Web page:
When Cossman went to Ambrym, he and his team used a drone to map out every nook and cranny of the volcano, covering both craters. That map was in turn made into a full three-dimensional rendering. Using the Unreal game engine inside an AvayaLive Engage virtual environment, it's possible for anyone with a login to explore Ambrym from the comfort of their laptop screen. Which is what I'm doing. With a jetpack.
The jetpack is a video game conceit. The crater is full of steep edges, and jetpacks are a simple solution to avoid getting stuck. Even without the difficulty of climbing up, the crater itself is huge. The avatars stand about six feet tall in the virtual environment, and while moving in the game is less physically taxing (not to mention less life-threatening) than crawling around an actual volcano, it’s not much faster if you don't use the jetpack.
In the early days of video games, much of the industry made money 25 cents at a time. But today’s video game moguls aren’t counting quarters, they’re making millions. Some of them rank among the richest people in the world
The difference from past generations of educational software–think programs that teach typing or basic math–is that these apps feel like games, not homework. More than 18 million people have downloaded Lumosity, a puzzle program created by neuroscientists in collaboration with game designers, since it launched last year. Duolingo, an app that teaches foreign languages, grants users experience points and badges as they learn new grammar skills, much as console titles like Call of Duty do. And Codecademy teaches the basics of computer programming in short tutorials.
Jintronix sells the Kinect for the standard $250 and charges $50 a month for its software, which lets physical therapists program routines for patients and adjust the difficulty as mobility improves.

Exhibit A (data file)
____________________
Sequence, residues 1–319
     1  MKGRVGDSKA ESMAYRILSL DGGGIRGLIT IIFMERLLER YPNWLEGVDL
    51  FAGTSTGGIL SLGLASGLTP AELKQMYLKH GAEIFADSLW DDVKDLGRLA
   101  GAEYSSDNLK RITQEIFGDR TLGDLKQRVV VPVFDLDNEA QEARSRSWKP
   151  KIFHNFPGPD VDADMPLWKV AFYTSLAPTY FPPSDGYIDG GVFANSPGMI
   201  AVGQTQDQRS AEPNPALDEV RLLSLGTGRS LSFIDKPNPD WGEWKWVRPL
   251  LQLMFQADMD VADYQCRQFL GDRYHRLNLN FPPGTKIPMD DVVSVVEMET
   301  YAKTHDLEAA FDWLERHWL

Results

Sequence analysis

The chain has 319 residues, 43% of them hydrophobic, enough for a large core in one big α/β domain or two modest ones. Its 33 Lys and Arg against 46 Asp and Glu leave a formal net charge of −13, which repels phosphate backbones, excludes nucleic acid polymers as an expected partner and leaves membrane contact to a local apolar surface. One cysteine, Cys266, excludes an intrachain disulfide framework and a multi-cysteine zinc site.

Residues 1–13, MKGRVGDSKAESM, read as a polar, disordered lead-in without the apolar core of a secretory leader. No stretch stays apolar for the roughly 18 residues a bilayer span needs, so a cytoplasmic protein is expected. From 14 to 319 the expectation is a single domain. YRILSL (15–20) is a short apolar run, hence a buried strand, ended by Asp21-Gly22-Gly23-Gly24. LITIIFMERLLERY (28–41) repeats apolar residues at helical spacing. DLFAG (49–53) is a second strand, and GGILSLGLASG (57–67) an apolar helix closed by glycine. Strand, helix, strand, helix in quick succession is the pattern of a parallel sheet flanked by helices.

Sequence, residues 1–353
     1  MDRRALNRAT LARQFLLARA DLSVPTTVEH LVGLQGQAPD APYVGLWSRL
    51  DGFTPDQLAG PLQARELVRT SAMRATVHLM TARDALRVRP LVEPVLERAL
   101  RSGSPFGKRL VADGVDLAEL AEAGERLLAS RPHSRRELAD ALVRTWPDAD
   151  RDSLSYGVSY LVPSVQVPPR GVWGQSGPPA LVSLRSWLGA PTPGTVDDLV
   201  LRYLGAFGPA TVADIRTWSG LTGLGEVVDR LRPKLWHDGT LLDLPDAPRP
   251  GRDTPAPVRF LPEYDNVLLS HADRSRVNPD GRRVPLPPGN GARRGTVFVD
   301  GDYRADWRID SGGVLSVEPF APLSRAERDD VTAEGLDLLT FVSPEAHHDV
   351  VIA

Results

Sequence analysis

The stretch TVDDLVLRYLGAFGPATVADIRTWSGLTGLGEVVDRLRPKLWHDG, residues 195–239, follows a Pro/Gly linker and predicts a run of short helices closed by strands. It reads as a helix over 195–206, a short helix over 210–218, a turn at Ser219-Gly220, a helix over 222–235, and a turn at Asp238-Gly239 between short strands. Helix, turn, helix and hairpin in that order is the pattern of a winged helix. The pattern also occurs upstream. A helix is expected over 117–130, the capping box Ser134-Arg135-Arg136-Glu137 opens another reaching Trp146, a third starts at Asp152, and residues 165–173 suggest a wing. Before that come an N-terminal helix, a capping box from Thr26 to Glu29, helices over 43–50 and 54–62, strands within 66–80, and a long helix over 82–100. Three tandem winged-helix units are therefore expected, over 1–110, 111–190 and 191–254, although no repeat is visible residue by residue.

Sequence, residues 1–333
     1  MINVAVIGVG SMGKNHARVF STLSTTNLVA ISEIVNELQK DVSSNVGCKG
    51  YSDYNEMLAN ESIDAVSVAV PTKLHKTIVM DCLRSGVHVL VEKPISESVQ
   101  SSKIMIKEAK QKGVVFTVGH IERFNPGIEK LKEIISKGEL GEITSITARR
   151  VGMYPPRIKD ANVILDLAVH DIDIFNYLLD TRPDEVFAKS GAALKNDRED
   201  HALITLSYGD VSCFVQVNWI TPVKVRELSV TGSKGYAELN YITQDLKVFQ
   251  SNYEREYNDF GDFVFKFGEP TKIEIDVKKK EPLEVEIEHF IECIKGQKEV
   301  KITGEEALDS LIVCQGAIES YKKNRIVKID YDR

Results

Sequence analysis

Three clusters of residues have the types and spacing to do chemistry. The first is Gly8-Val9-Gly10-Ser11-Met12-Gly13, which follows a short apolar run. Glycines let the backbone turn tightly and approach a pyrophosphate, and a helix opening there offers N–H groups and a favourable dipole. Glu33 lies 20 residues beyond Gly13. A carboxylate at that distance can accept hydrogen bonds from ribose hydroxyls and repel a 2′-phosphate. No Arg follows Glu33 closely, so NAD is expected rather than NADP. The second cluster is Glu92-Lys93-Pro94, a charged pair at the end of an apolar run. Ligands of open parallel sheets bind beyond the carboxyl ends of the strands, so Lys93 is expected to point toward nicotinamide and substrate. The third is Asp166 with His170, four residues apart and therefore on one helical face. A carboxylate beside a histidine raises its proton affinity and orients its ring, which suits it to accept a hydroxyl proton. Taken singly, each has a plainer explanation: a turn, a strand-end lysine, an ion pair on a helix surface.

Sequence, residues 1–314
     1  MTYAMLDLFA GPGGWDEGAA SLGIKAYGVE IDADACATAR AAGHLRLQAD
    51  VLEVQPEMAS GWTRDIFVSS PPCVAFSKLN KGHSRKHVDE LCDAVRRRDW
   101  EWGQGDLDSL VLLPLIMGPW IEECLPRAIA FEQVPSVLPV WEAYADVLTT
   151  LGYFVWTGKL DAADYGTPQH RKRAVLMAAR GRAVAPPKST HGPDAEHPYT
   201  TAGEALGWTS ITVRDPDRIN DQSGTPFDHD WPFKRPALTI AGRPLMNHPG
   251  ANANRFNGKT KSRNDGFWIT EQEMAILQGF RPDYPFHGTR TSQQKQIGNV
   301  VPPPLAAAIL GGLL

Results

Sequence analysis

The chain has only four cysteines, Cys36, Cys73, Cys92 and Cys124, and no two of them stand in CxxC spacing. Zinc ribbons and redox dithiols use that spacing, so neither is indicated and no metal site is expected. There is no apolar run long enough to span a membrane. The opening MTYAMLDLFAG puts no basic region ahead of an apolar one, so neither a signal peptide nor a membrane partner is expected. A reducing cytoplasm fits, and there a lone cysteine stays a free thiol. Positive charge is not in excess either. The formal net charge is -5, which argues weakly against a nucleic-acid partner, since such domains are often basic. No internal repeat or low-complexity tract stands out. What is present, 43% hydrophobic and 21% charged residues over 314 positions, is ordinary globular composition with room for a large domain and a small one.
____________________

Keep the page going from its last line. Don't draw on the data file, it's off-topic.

In one game, the player controls a fish and must motion up and down or draw a figure eight to make it eat. A whack-a-mole-style game designed to strengthen leg muscles asks the patient to walk to various parts of the screen when a bunny pops up. As the patient moves, Jintronix tracks whether he’s performing the exercises correctly so therapists can make tweaks. The software monitors each patient’s progress and compares it with that of people with similar injuries and ages. Yannick Belanger, 44, says it has helped him recover some mobility in his left arm since his stroke in September.
There are already legendary islands off China’s southern coast where the millions travel to play games of chance. Soon an additional island (Hengqin) will host throngs of gamers turning out to watch others play Xbox, complete with a 15,000-seat arena.
The arena will be the centerpiece of a $2.8 billion gaming theme park. A Hong Kong-based developer, Lai Fung Group, has just announced plans to build the video game complex. A handful of dedicated facilities for video game competitions have begun to emerge, part of a trend that marks a sort of coming of age for “e-sports.”
A "cognitive activity tracker" developed by Kai Kunze at Osaka Prefecture University in Japan can tell how many words we read, how often and how fast we read, and even whether we are skim reading or actually concentrating on the content. It could also generate summaries of documents as you read them by logging which passages your eyes dwell on.
Such detail about what we look at, whether on a screen or on paper, is being made possible by the emergence of gaze-trackers – devices that monitor our eyes to analyse where we are looking. Swedish firm Tobii Technology is leading the way in commercialising the technology. It has developed a $99 system that uses infrared cameras trained on the cornea to watch for the eyeball's movements. These cameras can be built into a headset, such as Google Glass, or clipped to the top of a computer screen or tablet.
On March 18, Sony (SNE) announced Project Morpheus, its long-term effort to develop a VR headset for the PlayStation 4. Sony’s idea is more social—displaying the virtual world from its glowing blue headset on a TV screen for others to watch. Morpheus also uses the PS4 camera to replicate user movement in-game. “Seeing how the development community was starting to respond to Oculus Rift (since acquired by Facebook) gave us a prompt to take something we were experimenting on and make it more of a product,” says Sony Computer Entertainment President Andy House, adding that Morpheus won’t be on shelves this year.
Technical Illusions has developed castAR, a pair of high-tech glasses that project 3D hologram like images, and a “magic wand” that can be used to interact with the holographic projections to enliven gaming and teaching.